The reverse hecht is a complex skill where the gymnast swinging up on the back giant direction suddenly must be able to change this directional motion and release the bar flipping on the opposite direction. Any drill that can help an athlete to begin understanding and reverse it toward a front flipping action is enhancing the approach to eventually master this release.
This tumble track drill is another possible introductory approach to some of the reverse hecht technical actions. The gymnast's goal is to fly back toward the resi-mat at the same time that her body stands up and aims to create forward rotation.
Although the gymnast demonstrating the drill has not mastered all its technical details correctly and is still showing too much pancake position, the final goal is to turn over forward the whole body in one single unit with the straddle legs moving backwards and closing without the gymnast getting stuck or exhibiting a very deep pancake.
These two reverse hechts were performed by a junior elite gymnast still in the process of learning the skill. He misses the first turn and catches the second, and it seems that one of the main differences between both attempts was related to the direction of the arm throw to begin the flying phase.
When athletes miss their reverse hecht releases, if possible, they must aim to land flat and try not to use their arms which can result in an injury to an upper limb bone or joint. Check how this gymnast aims for a proper whole body flat landing.
These are a few video examples of pike reverse hechts performed by junior athletes starting the skill. Regardless of the body position, all great reverse hechts require a sudden stop after the tap kick to a candle stick. Gymnasts should demonstrate high straddle hechts before mastering pike and layout hects.
Besides the larger amount of power required to perform a layout reverse hecht compared to a piked reverse hecht, the main difference between both skills is given by the way the bar is cleared during the flying phase. A true layout hecht clears the bar in a straight or hollow position without exhibiting any obvious hip flex.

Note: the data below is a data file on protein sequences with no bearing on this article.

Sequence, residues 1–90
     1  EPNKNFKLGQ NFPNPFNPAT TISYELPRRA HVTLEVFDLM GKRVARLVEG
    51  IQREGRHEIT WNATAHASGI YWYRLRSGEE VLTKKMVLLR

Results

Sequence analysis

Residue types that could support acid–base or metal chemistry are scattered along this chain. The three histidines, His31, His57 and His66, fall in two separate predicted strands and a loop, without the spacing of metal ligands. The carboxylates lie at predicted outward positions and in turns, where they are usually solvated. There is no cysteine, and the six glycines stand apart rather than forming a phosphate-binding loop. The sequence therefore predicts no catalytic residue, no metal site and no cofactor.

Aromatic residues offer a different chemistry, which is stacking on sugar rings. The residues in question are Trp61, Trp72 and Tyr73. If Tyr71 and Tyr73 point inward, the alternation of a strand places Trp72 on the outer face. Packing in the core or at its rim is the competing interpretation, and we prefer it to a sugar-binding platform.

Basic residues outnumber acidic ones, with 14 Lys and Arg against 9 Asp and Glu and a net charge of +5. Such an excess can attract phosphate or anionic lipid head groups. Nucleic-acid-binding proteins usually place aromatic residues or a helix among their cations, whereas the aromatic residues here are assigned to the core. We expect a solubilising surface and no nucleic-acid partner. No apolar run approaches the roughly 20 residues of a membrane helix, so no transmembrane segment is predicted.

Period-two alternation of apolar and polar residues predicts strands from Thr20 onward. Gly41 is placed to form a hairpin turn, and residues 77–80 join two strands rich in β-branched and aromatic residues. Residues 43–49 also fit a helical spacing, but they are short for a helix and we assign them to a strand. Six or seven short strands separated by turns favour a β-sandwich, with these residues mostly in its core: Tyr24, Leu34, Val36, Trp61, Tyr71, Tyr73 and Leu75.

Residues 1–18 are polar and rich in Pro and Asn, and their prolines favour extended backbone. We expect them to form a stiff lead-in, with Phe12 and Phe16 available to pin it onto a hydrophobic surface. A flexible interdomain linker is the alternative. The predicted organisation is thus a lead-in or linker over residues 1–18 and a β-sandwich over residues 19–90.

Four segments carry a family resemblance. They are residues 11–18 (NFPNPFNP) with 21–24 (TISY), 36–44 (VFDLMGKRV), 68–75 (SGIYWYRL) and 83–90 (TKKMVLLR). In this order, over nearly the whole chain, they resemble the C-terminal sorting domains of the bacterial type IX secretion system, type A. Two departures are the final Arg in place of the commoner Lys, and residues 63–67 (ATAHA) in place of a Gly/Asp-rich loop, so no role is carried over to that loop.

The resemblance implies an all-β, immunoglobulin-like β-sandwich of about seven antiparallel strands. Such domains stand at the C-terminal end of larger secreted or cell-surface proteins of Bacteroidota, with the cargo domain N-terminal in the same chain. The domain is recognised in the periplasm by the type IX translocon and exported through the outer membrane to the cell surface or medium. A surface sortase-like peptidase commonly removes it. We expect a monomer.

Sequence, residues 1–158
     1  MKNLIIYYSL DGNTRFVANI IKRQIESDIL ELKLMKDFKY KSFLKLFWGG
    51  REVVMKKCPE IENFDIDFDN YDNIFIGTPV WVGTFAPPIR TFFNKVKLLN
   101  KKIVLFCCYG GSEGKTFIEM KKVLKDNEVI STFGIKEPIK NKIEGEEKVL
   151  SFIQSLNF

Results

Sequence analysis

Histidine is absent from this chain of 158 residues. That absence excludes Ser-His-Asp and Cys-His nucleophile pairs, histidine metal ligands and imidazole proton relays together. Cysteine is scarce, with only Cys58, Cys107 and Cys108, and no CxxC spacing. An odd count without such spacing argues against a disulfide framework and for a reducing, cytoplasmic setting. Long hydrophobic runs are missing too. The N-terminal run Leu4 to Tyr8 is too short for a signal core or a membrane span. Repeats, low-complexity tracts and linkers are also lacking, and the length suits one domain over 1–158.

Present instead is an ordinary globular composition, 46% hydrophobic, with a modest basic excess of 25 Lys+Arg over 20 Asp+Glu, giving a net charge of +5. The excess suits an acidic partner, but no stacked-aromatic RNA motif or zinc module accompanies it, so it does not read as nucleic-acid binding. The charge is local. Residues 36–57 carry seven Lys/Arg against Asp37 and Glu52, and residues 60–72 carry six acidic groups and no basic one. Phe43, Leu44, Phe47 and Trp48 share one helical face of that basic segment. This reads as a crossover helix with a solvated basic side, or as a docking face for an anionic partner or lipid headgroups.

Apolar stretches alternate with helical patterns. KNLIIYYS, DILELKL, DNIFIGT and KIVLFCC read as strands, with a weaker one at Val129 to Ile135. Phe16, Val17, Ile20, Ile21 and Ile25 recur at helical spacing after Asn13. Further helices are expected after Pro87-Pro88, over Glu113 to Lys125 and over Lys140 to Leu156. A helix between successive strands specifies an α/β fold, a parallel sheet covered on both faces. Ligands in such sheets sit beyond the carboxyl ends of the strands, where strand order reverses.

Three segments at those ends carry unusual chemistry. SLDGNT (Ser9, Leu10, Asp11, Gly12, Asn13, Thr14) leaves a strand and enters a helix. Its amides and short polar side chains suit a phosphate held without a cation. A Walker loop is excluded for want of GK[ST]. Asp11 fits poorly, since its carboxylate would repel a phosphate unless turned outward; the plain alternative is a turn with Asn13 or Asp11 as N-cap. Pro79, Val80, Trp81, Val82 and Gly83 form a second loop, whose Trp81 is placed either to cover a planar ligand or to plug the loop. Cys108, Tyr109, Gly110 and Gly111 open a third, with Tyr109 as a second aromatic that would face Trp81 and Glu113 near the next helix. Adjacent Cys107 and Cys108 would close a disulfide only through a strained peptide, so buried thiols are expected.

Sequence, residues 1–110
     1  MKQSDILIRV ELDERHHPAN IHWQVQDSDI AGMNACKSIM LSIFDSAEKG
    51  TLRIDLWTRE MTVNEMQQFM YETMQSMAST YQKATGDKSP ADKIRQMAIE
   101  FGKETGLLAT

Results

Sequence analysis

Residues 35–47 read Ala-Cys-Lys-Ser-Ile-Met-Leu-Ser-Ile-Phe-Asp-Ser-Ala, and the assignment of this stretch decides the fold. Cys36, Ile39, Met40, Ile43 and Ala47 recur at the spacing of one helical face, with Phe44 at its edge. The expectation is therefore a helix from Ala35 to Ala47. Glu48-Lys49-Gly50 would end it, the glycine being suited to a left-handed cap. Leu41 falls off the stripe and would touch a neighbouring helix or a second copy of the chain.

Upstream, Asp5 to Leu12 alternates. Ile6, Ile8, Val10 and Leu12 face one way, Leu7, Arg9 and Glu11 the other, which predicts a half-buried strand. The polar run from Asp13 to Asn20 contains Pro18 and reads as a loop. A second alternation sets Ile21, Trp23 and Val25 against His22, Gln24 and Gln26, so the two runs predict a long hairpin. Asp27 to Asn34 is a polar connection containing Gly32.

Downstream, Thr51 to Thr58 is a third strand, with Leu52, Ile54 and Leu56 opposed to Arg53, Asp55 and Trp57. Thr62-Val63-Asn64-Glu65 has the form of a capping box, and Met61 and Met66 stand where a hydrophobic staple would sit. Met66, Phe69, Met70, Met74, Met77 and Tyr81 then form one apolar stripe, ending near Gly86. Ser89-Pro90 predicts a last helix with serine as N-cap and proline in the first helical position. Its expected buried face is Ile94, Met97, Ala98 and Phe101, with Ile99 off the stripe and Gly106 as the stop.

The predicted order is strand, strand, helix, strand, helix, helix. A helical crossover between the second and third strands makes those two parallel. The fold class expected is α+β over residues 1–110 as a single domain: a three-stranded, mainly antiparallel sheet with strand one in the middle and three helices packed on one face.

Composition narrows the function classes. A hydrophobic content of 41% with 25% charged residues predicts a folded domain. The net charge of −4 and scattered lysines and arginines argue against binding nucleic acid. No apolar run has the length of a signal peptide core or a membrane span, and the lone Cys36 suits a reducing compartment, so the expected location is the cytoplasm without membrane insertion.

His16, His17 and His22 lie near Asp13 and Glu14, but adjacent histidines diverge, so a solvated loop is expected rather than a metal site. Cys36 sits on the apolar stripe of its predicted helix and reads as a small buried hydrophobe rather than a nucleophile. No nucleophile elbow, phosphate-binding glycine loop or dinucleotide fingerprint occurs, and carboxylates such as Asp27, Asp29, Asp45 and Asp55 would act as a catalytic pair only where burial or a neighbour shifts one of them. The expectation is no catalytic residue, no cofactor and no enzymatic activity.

To learn this uneven bar release the gymnasts first must develop powerful and consistent free hips to handstand. The shoulder angle opening becomes a dynamic body throw as the bent wrists straighten while the hands release the rail.
In this spotting approach the coach is assisting from the opposite side of the gymnast's free hip initiation and helping to assure that the athlete has enough flying momentum toward the upper rail and that her body, legs, and heels do not hit the lower bar.
Before any athlete starts learning a Shaposnykova release to catch the upper rail, or a Hindorf, they must demonstrate a consistent ability to perform powerful free-hip handstands. Once they have proven they are capable, they can begin training this drill where the goal is to finish the free-hip with an open shoulder angle and the center of mass slightly beyond the vertical support.
The inside endo starts with the gymnast beginning to pike as the body is already bailing over, and keeping the shoulder angle as open as possible while the pike compression increases. Aiming to get the feet between the arms and the rail cleared before the hips, the center of mass moves down lower than a horizontal line with the bar.
The gymnast demonstrating this combination bails over with a little arch to begin the inside endo, but then shows a good compression, and on the swing up and comes out of the skill with the correct hip roll-out action. On the pirouette to mixed grip he again has a slight arch that could be refined to a straighter position and keeps his head slightly out to maintain visual contact with the rail during his pirouette which helps him to regrasp the bar more consistently.